Another solution to the problem of living in two worlds is compartmentalization. In choosing this option, we adapt ourselves to whatever culture we are in, but we separate the different cultures in our mind.
For example, in Africa we act and think African. In the United States we act and think American. And we keep those two worlds apart.
All bicultural people use compartmentalization, and it often provides the simplest and most immediate solution to living in different cultural worlds.
Colin Turnbull (1968) describes some modern African leaders born and raised in tribal villages who today live in modern houses in the city. Their city wives dress in Western high fashion and send their children to English schools. They drive cars, drink whiskey, travel the world in jets, and stay in international hotels.
But when they visit their relatives in the village, they dress in dashikis, speak their native language, eat their tribal food and, in some cases, have a second and third wife who raise their village children according to traditional customs. Turnbull describes one leader who lived in the city in a two-story house: the upstairs was modern, and the downstairs was tribal!
Missionaries, too, compartmentalize cultural worlds. We often move from one culture to another, and from one context to another within a culture. We visit with Brahmin leaders in an Indian village in the morning, with untouchables in the afternoon, and with government officials the next day. This requires "shifting gears" mentally.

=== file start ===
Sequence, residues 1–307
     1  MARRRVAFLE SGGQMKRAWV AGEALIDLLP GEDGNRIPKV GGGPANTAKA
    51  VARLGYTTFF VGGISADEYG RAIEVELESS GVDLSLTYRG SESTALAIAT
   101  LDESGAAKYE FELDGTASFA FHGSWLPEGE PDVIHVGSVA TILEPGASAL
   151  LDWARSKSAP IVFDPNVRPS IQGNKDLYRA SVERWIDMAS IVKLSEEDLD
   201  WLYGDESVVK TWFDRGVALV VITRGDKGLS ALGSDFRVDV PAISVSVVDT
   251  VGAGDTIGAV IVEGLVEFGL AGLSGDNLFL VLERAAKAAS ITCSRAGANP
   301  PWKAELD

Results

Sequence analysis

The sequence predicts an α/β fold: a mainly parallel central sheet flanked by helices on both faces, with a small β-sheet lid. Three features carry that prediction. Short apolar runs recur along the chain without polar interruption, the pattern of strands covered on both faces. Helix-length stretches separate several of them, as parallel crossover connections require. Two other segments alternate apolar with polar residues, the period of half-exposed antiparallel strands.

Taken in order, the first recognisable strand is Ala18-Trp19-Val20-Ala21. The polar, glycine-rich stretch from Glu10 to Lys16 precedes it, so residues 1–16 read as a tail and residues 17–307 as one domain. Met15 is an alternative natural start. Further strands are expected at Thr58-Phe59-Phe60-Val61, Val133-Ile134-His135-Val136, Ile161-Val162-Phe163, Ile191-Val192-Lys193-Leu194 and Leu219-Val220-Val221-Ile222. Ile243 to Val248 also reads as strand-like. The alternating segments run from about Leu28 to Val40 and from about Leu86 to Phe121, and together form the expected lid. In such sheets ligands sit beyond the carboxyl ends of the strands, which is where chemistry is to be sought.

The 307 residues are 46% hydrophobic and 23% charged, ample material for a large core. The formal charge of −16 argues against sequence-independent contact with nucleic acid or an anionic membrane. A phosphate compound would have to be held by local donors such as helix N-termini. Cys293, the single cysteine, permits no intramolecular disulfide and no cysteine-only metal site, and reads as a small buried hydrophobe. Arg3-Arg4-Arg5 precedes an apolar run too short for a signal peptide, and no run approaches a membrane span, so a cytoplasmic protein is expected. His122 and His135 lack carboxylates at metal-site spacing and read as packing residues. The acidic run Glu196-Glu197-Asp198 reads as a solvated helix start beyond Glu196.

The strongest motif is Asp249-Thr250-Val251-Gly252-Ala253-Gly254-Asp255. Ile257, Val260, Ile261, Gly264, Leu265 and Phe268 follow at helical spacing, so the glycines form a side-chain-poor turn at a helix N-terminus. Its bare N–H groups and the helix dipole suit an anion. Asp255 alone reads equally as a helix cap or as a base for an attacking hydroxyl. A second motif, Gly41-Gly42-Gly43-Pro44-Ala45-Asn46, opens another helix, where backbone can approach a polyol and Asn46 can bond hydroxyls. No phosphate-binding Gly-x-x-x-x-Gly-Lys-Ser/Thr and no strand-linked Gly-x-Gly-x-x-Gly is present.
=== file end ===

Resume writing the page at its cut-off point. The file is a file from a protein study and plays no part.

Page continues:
We learn to live in many different settings and cope with the mental stress created by moving from one to the other.
If carried too far, however, compartmentalization can have serious consequences.
First, a particular missionary may be accused of hypocrisy and duplicity. So long as the people in one culture do not see us in another setting, this danger is slight. But eventually this barrier breaks down.
The nationals read the reports and articles we write for our home churches, and they see us in the company of foreign visitors and government officials. If they notice too great a change in us, they suspect us of playing games and of identifying with them not because we love them but to achieve our own goals.
Second, compartmentalization does not deal with the inner tensions we face when we live in two worlds. Not only is there the inevitable stress of moving from one context to another, there is also the mental conflict of living in two cultures that have contradictory beliefs, feelings, and values.
For example, we are raised in the West to respect individual ownership, but we may serve in a society in which everything-food, clothing, and tools-belongs to the group and can be used by all. The constant shift from one culture to the other can lead to confusion and insecurity and, in the extreme, to an identity crisis and cultural schizophrenia.
Compartmentalization is a tactic all bicultural people must use in certain areas of their lives, but it does not resolve the deep problems raised by living in two or more cultures.
Paul Hiebert, Anthropological Insights for Missionaries